Having acquired the rights to Bram Stoker’s novel, Universal Pictures wanted to maximize profits when committing the story to film in 1931. Thus, the studio shot a Spanish-language version at the same time as Tod Browning’s Hollywood production starring Béla Lugosi. Each day, when Browning, Lugosi, and company finished shooting and went home for the evening, director George Melford and a cast of Mexican and South American actors would come in and film their version, using the same sets, costumes, and props, and working from the same script, translated by Baltasar Fernández Cué.
Having run in theaters during the 1930s, the film disappeared from view and was considered lost until cinema historian David J. Skal discovered a print in 1989. Since then, a fierce debate has raged over whether the Spanish version is actually better than Browning’s film. The proponents of Drácula cite Melford’s more fluid, more coherent direction (as opposed to Browning’s staginess) and the sexier costumes, which weren’t susceptible to the censorship code that the Hollywood film had to obey. On the other hand, Browning’s fans cite the superior acting by Lugosi in particular — Carlos Villarías (billed here as Carlos Villar) as the count is often panned as over-the-top. You can decide for yourself when this rarity screens at the North Side venue.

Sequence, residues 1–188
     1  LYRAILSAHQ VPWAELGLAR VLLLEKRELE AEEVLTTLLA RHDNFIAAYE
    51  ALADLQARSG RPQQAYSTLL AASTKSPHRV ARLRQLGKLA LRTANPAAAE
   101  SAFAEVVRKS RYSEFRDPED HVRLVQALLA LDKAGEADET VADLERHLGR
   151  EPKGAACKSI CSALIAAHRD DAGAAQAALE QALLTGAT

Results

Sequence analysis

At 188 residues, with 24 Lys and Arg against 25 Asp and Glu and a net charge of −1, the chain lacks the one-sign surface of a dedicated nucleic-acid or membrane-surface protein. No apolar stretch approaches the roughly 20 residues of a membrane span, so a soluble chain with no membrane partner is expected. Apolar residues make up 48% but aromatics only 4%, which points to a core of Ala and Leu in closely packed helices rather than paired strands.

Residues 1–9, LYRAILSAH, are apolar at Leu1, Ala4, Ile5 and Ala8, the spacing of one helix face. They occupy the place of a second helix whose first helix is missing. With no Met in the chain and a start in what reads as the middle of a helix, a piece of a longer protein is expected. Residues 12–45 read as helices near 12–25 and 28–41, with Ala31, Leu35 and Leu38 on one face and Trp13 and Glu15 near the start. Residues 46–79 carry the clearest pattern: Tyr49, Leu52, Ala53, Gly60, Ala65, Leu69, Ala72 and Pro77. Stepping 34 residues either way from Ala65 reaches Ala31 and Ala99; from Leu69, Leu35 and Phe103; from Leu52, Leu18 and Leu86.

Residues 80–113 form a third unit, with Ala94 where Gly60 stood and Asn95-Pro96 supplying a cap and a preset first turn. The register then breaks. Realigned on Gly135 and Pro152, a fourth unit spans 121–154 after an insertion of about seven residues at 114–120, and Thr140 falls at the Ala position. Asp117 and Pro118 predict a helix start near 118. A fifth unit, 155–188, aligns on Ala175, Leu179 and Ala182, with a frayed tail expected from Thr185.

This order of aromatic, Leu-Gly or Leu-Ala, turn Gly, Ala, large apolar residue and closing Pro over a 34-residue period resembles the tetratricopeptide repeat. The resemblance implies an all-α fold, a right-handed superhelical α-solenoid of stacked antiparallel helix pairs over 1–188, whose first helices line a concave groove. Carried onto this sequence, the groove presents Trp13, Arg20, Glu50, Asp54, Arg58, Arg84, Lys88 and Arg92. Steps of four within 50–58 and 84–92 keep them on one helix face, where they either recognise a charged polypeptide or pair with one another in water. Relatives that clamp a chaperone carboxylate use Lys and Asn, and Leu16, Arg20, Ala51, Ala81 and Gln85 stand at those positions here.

Drácula screens at 7:30pm Fri at Rose Marine Theater, 1440 N Main St, FW. Admission is free. Call 214-333-2530.